Sarah Cullen enters the fifth dimension beyond that which is known in Lorcan Finnegan’s Vivarium.
“I don’t like the way things are,” a young girl says mournfully at the beginning of Vivarium, upon seeing a dead chick that has been knocked out of its nest by a cuckoo. These words certainly set the tone for the rest of Lorcan Finnegan’s science fiction thriller Vivarium (written by Garret Shanley), described in the Dublin International Film Festival’s opening gala as a mix between M.C. Escher and Franz Kafka.
Indeed, things only seem to get worse throughout as the figurative nightmare of house hunting becomes a literal one of house owning. While desperately looking to buy a house, Gemma (Imogen Poots) and Tom (Jesse Eisenberg) visit an estate agents and agree, albeit reluctantly, to take a recce out to a newly-built housing estate. There, they find themselves in a terrifying yet mundane labyrinth of identical houses and, after taking a look around, are unable to find their way back out. Cue much ominous music and claustrophobia for the audience. Imagine, if you will, Hansel and Gretel, if the witch’s house at the centre of the woods was prime real estate.
As this summary will hopefully suggest, Vivarium does not concern itself with preamble, instead getting stuck straight into the heart of the action. Indeed, the conceit is so on the nose it’s shocking to realise it’s taken suburban horror this long to get there. This is by no means intended as an insult: instead, the central premise is so cogent and elegant that it’s simply surprising it hasn’t been done yet. There’s an extremely satisfying concreteness to this film, where what would usually remain metaphor goes just that little bit further and ends up being literal, thus showing the admirably sickening possibilities of black humour on screen.
Considered as an Irish film, Vivarium is a decidedly transatlantic, post-crash affair. Shot in a housing estate in Malahide with a British and American cast, the eerie green tinge bouncing off the rows of identical houses perhaps hints at the afterglow of a Celtic Tiger that has destroyed Ireland’s countryside. The setting makes no bones about being a simulacra of a housing estate: and indeed comes across as if it was an abandoned set from The Wizard of Oz, highlighting Tom and Gemma’s fevered and desperate attempt to find their own way home. Er, to get away from home? Well, it’s all rather confusing.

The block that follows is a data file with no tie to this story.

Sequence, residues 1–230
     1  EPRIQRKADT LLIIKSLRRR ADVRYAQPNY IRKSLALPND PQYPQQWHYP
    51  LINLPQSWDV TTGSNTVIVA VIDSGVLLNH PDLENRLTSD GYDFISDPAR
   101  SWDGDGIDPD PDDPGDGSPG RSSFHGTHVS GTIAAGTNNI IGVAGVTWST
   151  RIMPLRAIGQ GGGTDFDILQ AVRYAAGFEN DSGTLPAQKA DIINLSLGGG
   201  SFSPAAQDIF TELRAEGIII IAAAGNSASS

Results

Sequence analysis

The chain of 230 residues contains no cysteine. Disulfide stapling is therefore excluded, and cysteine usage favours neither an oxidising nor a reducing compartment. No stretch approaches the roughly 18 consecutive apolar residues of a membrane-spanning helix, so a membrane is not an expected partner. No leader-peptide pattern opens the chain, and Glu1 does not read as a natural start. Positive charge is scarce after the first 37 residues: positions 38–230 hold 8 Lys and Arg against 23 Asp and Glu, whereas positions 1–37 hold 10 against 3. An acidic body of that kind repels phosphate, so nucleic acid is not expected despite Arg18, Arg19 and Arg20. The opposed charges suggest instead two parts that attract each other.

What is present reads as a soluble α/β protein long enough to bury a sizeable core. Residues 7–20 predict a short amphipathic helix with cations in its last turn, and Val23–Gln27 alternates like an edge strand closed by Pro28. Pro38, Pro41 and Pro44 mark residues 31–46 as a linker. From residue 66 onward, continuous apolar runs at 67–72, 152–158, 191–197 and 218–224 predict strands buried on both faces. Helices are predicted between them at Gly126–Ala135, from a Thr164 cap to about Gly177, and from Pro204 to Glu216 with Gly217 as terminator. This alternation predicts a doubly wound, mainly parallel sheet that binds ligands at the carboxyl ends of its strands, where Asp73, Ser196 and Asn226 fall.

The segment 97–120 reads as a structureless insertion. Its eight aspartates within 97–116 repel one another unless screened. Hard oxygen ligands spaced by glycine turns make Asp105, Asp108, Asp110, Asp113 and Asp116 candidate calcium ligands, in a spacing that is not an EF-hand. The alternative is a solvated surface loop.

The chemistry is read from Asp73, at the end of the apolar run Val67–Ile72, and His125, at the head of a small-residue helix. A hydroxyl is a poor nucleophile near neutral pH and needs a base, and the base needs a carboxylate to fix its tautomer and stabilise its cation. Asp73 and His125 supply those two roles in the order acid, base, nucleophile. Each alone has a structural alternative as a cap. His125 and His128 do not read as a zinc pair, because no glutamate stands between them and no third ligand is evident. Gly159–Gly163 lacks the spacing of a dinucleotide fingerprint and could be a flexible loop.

The film is also populated with fantastic performances: Eisenberg and Poots render their characters identifiable and likeable, and their evident love and compassion for each other remains palpable throughout the absurdity of their situation. Of course, one cannot consider Vivarium’s performances without giving considerable kudos to Seanan Jennings and Eanna Hardwicke. Their turns as seemingly robotic approximations of humans, sent in to observe Gemma and Tom, provide some of the most spine-tingling and at times down-right horrifying moments I have seen in cinema in a long time.
Seen through the lens of black comedy Finnegan’s feature is just about pitch perfect and absolutely should be lauded for this. However, when considered in other ways it doesn’t necessarily work quite as well. At times, Vivarium falls back onto clichés about gender dynamics, requiring Tom and Gemma to take on the roles typified by husbands and wives in fifties Americana. This renders an otherwise refreshing new take on the genre less compelling. Indeed, one suspects the invocation of cliché for that very reason may be intentional. Nonetheless, it was the one aspect of the film this viewer was less enthused about.
Criticisms aside, Vivarium is a work of impressive exploratory filmmaking and remains fascinating and engaging throughout. There is plenty more to be unpicked about this pictorial puzzler and I look forward to doing so. Quite honestly, it deserves to be seen on its premise alone, and the fact that much of it works well is a very welcome bonus.
Vivarium screened on 26th February as part of the 2020 Dublin International Film Festival.
Vivarium is in cinemas 27th March 2020.
Pingback: Irish Films to Look Out For in 2020 – Film Ireland Magazine